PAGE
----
Google Maps launches new features to help commuters avoid crowds

By | June 11, 2020

TORONTO — Google Maps has launched new features due to COVID-19 that will alert users of any travel restrictions on their planned route and allow users to submit data showing when a transit line is crowded or not.

More and more Canadians are making journeys outside of their homes as provinces re-open, but with pandemic guidelines such as physical distancing still in place, the question of how to navigate public transit safely is an important one.

“Commuters no longer just have to think about how they can get there quickly and comfortably, they have to take into account whether they’ll be able to properly social distance, or if there are restrictions along their route that will impact their trip,” said Luiza Staniec, a Google spokesperson, in an email to CTVNews.ca

According to a blog post from Google, the new features are coming in updates for Android and IOS this week and will help commuters make informed choices on how to travel, whether it’s by car or public transit.

For those thinking of heading out on a road trip, Google Maps will now post alerts if the travel route you have entered into the app crosses through an area with COVID-19 restrictions.

“As provinces begin to reopen and people start making travel plans, even within Canada, some routes remain restricted,” Staniec said.

“Our checkpoints and border restrictions alerts will help travellers avoid [the] stress and frustrations of not being able to get to their final destination.”

Potentially the most useful upgrade pertains to the question of how to stay physically distant while using public transit.

Google Maps introduced a “crowdedness” feature in 2019 that showed when a transit line was particularly busy, but now the company says it has made the feature broader and easier for users to contribute information.

Now, when users plot out a route to get from A to B on Google Maps, after they click on a route, they can find a “Crowdedness” button with a plus sign next to it that will allow them to rate the bus, streetcar or subway route. Choices range from “Not crowded (there’s lots of seats)” to “Full (not picking up passengers).”

This means commuters will be able to use the app while on a bus or streetcar to let others know that it’s a low traffic time and safe to use, or whether it’s more packed and potentially more risky.

Users will also be able to see not just how crowded a specific line or route is, but how busy a specific transit station is at any given time. You will be able to view a graph showing when a station has been reported to be the busiest, in order to help you avoid the crowds.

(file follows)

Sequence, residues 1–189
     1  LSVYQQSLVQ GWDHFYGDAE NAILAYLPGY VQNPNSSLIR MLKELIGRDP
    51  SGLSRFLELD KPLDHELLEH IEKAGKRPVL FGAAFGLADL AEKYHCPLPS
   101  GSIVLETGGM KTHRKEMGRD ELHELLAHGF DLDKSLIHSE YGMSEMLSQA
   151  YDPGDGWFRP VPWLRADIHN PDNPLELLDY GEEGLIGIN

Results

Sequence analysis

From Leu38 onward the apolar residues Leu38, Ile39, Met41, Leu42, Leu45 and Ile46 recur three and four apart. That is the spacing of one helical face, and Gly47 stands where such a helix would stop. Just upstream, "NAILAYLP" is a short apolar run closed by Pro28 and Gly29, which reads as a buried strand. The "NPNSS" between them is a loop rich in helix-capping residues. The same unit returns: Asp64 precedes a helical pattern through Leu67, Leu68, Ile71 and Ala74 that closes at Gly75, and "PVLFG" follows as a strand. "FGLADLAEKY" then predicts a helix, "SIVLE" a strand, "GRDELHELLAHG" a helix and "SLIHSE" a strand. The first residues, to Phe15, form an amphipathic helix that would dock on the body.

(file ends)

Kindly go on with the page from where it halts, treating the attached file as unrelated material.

This busyness data is based on averages, not minute-to-minute updates.

“Popular times, which show busyness at places like a transit station, is a historical look at average popularity over the last several months,” Staniec explained. “When available, live visit data shows how busy a location is right now compared to its usual level of activity.”

All data input by commuters will be anonymized, according to Google’s blog post, and live visit data will only be posted when enough people have contributed to the data that it can provide a general picture and satisfy privacy requirements.

Not everyone can choose when they need to hop on the bus to head to work, but Google says the update will allow those who can plan ahead for specific trips to avoid times of day when the subway is going to be the most packed.

Staniec said that “like other tools that help people get around and get things done in the world, we’ve certainly seen usage of Google Maps change in the midst of COVID-19’s impact on mobility.

“Not surprisingly, when cities go into lockdowns we see less need for navigation, but as places reopen, we start to see that need pick back up.”

She added that they are seeing an increase in other usages of Google Maps, such as consumers using their local information “to find whether a store nearby is open or whether their favourite local restaurant is offering takeout.”

Ontario released guidelines Thursday for commuters to stay safe on transit, highly recommending the use of face masks while on public transit and promising to install safety dividers on GO trains and buses, among other measures.

While Google’s most recent Community Mobility Report from June 5 shows that Canadians are still traveling to retail, transit stations and workplaces much less than before the pandemic, travel to parks and beaches has jumped by 100 per cent.

And travel to transit stations appears to be steadily increasing across all provinces.

Some of the new Google Maps features have not reached Canada yet. A press release said that pop-up alerts with information on COVID-19 testing sites for travellers attempting to plot a route to one will be coming to Canada soon. 

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